Rwanda reaps rewards of wartime nature conservation
On the steep, misty slopes of the Sabinyo volcano, far above the green rectangles of sorghum fields that press against the Parc National des Volcans, a family of mountain gorillas is frolicking.Skip to next paragraph
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As the huge silverback yawns, a small group of camera-toting tourists – each of whom has paid Rwanda's park system $375 to see this scene – click away. "It's amazing!" one woman exclaims.
Conservationists say she is right – the scene is remarkable. But that's not just because it showcases a few of the world's 700 or so remaining mountain gorillas, or brings much-needed foreign currency to this corner of northwest Rwanda. It is amazing simply because it exists, they say.
Despite a decade of war and environmental devastation, Rwanda's mountain gorillas and their habitat have managed to survive. And conservationists are taking a closer look at the region, suggesting that in these wet, lush mountains, there is a lesson for the world about how an environment can withstand conflict.
"I think it's really important to highlight what happened there," says Judy Oglethorpe, the director of ecoregion support at the World Wildlife Fund. "We asked communities, 'Why did you look after the gorillas?' They said, 'Because we made money from gorilla conservation – and we believed peace would come again and we would benefit again.' "
During the 1990s, this tiny country in central Africa erupted into some of the worst ethnic conflict of the 20th century. The peak of the violence came between April and July 1994, when Hutu militias slaughtered an estimated 800,000 Tutsis and other Hutus labeled "moderate." But smaller numbers of killings continued through the end of the decade.
The environmental degradation was also huge. Rebels and government officials fought in the national parks, soldiers poached wildlife, and refugees swarmed into protected forests. But according to a WWF-funded report and conservationists on the ground, local officials and international aid workers tended to pay little attention – compared to the human trauma, conservation hardly seemed to matter.
The Parc National des Volcans (PNV) was different.
The PNV encompasses the Rwandan section of the Virunga Volcanoes, a looming mountain range in the border region where Rwanda, Congo, and Uganda meet. It is home to the mountain gorillas made famous by researcher Dian Fossey and the movie "Gorillas in the Mist."
This area saw intense fighting during the war. Soldiers cleared swaths of bamboo forest, and skirmishes were regular in the higher-altitude alpine forests. But despite the danger, a handful of NGOs continued to fund conservation projects and rangers continued to work. The International Gorilla Conservation Program (IGCP) says locals supported the efforts.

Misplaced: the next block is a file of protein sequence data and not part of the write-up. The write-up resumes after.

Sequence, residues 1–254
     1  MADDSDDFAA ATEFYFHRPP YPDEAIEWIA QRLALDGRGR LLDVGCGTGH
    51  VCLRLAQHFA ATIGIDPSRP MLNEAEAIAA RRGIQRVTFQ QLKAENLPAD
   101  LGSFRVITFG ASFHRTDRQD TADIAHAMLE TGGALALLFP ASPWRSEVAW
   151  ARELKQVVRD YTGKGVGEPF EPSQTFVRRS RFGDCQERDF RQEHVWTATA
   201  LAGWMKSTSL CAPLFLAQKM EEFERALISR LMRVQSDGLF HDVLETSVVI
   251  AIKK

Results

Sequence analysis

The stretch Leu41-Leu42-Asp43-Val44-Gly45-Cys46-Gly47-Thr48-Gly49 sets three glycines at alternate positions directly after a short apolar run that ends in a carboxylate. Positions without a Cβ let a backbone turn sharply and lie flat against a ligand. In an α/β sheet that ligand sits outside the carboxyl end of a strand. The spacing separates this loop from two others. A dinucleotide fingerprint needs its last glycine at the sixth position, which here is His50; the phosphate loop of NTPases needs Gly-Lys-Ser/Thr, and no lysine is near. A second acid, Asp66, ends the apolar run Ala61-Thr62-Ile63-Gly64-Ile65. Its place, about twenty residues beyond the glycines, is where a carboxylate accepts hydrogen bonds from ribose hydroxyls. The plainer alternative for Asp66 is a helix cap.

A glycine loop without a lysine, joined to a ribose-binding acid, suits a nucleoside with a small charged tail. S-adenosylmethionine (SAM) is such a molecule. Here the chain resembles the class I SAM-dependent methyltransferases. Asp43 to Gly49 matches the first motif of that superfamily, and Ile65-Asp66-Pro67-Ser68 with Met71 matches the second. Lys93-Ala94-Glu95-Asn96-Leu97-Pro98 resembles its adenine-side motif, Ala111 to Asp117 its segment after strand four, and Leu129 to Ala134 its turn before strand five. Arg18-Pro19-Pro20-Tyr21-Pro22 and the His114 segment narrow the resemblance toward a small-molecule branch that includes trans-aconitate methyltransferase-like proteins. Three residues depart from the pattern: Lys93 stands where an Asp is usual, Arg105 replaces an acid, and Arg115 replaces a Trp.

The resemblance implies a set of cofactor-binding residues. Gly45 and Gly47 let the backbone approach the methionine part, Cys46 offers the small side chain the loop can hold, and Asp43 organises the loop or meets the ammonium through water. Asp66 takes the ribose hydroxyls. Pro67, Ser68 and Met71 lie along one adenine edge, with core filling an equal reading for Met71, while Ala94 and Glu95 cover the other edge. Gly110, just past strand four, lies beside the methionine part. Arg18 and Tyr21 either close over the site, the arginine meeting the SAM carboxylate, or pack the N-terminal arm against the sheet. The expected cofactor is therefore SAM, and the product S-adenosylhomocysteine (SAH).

Today, while other parts of Rwanda and central Africa struggle with the long-term consequences of war's environmental devastation – food shortages, deforestation, and deteriorating water quality, to name a few – the economy in Rwanda's gorilla region is growing.
"We were able to build a program that continuously had some presence in the field, on the ground," explains Eugene Rutagarama, director of the IGCP. "We didn't really stop for a month. We have been there always, even during the conflict."
Mr. Rutagarama says two main factors helped the gorilla program survive. NGOs in the area were able to piece together private funding, which allowed some park operations to continue. And, he says, junior staff members kept working despite the danger, even when people such as himself had to flee the country.
The funding setup was crucial, he says, since the government and international organizations tend to eliminate conservation funds during conflict or put restrictions on how money is used. But the private funds were more flexible, allowing park officials to pay for a patrol whenever it seemed safe, or to shift gears and run an education program for a week. They could make those calls day by day.
They could also help pay the park's junior staff. Those rangers ended up running conservation efforts during the war when it became too dangerous for their bosses, who were targets of the violence because of their higher education levels.